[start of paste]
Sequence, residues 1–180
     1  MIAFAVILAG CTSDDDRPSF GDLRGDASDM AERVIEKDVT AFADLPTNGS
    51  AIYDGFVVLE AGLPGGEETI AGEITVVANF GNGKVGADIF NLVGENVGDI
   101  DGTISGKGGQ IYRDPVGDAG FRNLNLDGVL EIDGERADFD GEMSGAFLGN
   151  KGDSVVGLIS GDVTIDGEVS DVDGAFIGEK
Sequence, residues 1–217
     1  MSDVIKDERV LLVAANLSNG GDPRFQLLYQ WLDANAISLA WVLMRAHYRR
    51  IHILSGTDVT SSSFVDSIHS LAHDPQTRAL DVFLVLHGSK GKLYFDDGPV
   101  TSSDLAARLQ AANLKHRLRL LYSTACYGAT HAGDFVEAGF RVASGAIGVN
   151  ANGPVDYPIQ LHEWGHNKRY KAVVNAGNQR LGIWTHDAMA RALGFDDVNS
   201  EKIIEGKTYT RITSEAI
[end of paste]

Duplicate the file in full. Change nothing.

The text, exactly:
Sequence, residues 1–180
     1  MIAFAVILAG CTSDDDRPSF GDLRGDASDM AERVIEKDVT AFADLPTNGS
    51  AIYDGFVVLE AGLPGGEETI AGEITVVANF GNGKVGADIF NLVGENVGDI
   101  DGTISGKGGQ IYRDPVGDAG FRNLNLDGVL EIDGERADFD GEMSGAFLGN
   151  KGDSVVGLIS GDVTIDGEVS DVDGAFIGEK
Sequence, residues 1–217
     1  MSDVIKDERV LLVAANLSNG GDPRFQLLYQ WLDANAISLA WVLMRAHYRR
    51  IHILSGTDVT SSSFVDSIHS LAHDPQTRAL DVFLVLHGSK GKLYFDDGPV
   101  TSSDLAARLQ AANLKHRLRL LYSTACYGAT HAGDFVEAGF RVASGAIGVN
   151  ANGPVDYPIQ LHEWGHNKRY KAVVNAGNQR LGIWTHDAMA RALGFDDVNS
   201  EKIIEGKTYT RITSEAI